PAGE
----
ured into small transportable drums or tanks, or into large fixed contacting devices depending on the application. Adsorber sizing for a particular application is governed primarily by bed surface loading rate. With a standard 4-foot carbon bed depth, a maximum gas-loading rate of 100 cfm per square foot of bed surface should be maintained. This insures adequate gas contact and sufficient time to reach adsorption equilibrium. Higher gas flows are handled by increasing the carbon bed surface (larger adsorbers) or adding multiple beds in parallel. One of the chief advantages of granular activated carbon adsorption is its simplicity of application, Pre-engineered fixed bed adsorbers can be purchased and installed on most existing exhaust systems with a minimum of capital expenditure. Transportable adsorbers from 100 to 5000 pounds are readily available as standard supply from several manufactures. Air flows for these stock units go up to as much as 5000 CFM. Larger systems up to 20,000 CFM or higher are available on a custom basis. Once installed these systems operate for the most part unattended until the carbon becomes spent and requires replacement. The frequency of replacement will vary for each application but may range from weekly to annually. Another significant advantage of an adsorption process is that it provides on line reserve capacity on a passive basis. The system is, in effect, available on a continuos basis to handle varying loads but only consumes carbon when contaminants are present in the exhaust stream. Other processes may have significant fuel or chemical operating costs even when no contaminants are being treated.

REACTIVATION

ACTIVATED CARBON QUALITY

Once the activated carbon has become spent it must be removed from service and replaced with fresh carbon in order to maintain the effectiveness of treatment. The spent carbon can be disposed of and replaced with virgin carbon, or the spent carbon can be returned to the supplier for reactivation and reuse. Reactivation restores most of the original carbon adsorption capacity and avoids expensive disposal costs. Most carbon adsorption applications rely on offsite reactivation to support their activated carbon supply. The spent carbon can be vacuumed from fixed adsorption vessels and shipped to the reactivation center in bulk, or returned to the reactivation facility in a transportable adsorber that serves both as an adsorption vessel and a UN shipping container.
CAPITAL AND OPERATING COSTS

You should be aware that there is a significant difference in adsorption capacity among the various commercial activated carbon products available. When procuring activated carbons it is important to recognize that the value of the activated carbon product that you are purchasing is related to its adsorption capacity, and not its weight or volume. The carbon manufacturing industry, in conjunction with ASTM, has developed several standard tests that enable comparison of the relative adsorption capacities of various activated carbons. These tests can be used to assess the quality of a virgin or reactivated carbon product and to predict its cost effectiveness. The industry standard quality tests for VAPOR PHASE activated carbons is the CARBON TETRACHLORIDE ADSORPTION CAPACITY, or ASTM D3467. Typical vapor phase virgin activated carbons have CARBON TETRACHLORIDE ADSORPTION CAPACITIES ranging from 45 to 70 percent by weight. When procuring either virgin or reactivated carbon products, make sure the appropriate adsorption number is specified. Then compare the alternative product specifications to insure you are getting the best activated carbon value.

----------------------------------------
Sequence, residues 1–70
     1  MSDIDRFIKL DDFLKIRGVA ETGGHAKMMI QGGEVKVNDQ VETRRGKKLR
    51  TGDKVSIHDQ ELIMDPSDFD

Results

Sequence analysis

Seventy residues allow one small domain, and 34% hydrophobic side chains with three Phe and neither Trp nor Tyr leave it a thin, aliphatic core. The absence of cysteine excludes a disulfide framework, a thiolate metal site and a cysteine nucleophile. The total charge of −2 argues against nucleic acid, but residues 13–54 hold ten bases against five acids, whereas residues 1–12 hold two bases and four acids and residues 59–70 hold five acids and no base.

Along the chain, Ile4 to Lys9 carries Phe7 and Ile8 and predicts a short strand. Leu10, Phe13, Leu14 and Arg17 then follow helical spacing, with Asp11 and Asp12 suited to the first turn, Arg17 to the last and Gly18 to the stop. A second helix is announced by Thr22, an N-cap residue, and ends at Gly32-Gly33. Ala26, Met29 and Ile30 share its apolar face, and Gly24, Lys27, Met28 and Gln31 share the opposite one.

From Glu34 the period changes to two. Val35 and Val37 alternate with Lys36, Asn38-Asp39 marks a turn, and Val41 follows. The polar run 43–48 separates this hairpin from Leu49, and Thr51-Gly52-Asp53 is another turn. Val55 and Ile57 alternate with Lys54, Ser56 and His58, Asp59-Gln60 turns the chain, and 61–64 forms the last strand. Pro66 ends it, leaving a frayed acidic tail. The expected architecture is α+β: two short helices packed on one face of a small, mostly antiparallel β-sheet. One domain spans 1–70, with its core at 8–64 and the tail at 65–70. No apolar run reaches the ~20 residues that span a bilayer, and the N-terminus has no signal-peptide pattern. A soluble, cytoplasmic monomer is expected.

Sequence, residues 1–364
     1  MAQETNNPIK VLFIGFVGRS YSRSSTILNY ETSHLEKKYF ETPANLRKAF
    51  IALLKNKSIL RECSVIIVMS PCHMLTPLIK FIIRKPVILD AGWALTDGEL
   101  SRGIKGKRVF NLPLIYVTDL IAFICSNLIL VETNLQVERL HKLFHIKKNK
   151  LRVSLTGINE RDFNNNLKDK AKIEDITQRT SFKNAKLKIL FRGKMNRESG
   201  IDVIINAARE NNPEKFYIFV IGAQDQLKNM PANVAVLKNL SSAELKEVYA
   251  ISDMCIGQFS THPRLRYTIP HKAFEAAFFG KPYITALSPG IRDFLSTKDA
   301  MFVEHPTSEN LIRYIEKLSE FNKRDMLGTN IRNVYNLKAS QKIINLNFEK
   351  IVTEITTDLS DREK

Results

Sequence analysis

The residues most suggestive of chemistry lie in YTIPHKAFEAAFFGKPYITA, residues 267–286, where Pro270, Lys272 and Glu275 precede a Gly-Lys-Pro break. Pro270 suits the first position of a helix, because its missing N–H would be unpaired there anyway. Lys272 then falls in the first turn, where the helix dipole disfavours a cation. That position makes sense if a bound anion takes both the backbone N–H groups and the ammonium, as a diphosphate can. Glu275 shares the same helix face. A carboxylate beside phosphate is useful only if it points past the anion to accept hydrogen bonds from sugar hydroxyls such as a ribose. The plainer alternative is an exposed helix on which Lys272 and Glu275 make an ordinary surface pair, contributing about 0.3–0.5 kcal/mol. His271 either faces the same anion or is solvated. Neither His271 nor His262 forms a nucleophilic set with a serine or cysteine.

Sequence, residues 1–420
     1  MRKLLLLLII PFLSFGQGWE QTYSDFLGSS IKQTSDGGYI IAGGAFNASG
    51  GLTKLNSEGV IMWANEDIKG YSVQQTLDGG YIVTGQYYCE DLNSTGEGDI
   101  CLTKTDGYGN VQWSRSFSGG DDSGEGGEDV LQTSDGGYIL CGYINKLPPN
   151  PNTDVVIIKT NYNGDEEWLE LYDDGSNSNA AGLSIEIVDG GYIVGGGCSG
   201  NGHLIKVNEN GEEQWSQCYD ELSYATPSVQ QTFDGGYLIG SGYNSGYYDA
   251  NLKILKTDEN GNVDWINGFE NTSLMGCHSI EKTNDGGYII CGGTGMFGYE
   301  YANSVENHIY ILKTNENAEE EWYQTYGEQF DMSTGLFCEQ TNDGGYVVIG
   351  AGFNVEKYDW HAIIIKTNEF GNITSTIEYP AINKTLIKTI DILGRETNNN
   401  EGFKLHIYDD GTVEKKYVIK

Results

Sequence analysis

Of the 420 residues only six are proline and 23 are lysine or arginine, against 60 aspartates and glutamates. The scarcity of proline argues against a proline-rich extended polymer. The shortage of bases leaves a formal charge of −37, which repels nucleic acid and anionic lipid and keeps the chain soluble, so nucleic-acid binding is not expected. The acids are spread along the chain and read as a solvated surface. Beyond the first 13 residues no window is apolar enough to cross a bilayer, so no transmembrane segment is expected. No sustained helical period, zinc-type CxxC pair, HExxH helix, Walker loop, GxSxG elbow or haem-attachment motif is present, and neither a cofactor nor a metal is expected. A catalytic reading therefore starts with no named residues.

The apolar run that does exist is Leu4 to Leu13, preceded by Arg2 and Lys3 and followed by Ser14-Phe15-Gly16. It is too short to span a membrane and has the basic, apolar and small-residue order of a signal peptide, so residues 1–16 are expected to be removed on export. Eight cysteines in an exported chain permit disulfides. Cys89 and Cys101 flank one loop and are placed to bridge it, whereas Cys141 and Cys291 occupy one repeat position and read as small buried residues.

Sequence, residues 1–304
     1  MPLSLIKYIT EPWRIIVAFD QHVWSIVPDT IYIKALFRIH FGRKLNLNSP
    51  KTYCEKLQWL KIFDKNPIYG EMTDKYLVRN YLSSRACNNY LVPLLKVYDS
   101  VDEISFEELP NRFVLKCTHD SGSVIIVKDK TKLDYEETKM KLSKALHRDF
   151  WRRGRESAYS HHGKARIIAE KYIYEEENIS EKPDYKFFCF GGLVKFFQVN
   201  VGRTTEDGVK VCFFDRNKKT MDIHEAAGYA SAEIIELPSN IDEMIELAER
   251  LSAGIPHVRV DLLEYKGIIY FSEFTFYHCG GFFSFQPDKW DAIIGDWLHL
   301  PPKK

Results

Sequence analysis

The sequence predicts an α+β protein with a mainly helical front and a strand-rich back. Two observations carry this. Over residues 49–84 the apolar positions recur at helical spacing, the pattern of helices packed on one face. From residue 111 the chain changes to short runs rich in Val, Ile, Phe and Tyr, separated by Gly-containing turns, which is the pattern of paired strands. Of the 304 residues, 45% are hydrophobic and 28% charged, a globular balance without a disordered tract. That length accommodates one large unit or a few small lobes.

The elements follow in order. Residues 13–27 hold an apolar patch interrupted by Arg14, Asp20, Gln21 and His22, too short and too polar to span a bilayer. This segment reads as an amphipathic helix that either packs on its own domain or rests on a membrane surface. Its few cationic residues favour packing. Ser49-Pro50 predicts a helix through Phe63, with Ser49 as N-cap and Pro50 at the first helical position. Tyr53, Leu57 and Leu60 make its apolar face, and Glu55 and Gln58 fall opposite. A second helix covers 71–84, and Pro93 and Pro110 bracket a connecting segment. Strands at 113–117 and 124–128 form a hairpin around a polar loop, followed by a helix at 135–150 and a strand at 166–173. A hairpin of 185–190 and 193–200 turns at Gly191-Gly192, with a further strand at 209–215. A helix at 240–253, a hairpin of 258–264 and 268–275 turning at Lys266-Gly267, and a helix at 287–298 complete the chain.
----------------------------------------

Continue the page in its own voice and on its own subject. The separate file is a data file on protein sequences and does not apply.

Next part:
SUMMARY

Adsorption system capital and operating costs can vary widely but depend primarily on the gas volume to be treated and the amount of carbon consumed. A simple100 cubic foot per minute adsorption system consisting of two 200 pound canisters and a blower would require about 20 sq ft of area and cost about 2-$3,000. When spent these smaller adsorption units can often be exchanged for new units with the original supplier. Larger custom carbon adsorption systems can cost from several thousand, up to several hundred thousand dollars, and are usually supported with off site reactivation services. A 5000 cfm system with two adsorbers and an exhaust blower would have a capital cost in the 30-$40,000 range and if skid mounted would take up an area of about 100sq ft. The Custom reactivation service to support this system usually costs about $2.00 per pound of carbon processed including transportation.

In summary, activated carbon has been shown to be applicable for treatment of a wide variety of environmental contaminants. It is a proven technology that is simple to install and easy to operate and maintain. Capital costs are among the least expensive for most alternative treatment technologies. Operating costs are primarily related to the amount of activated carbon consumed in the adsorption process.

Activated Carbon Adsorption for Treatment of VOC Emissions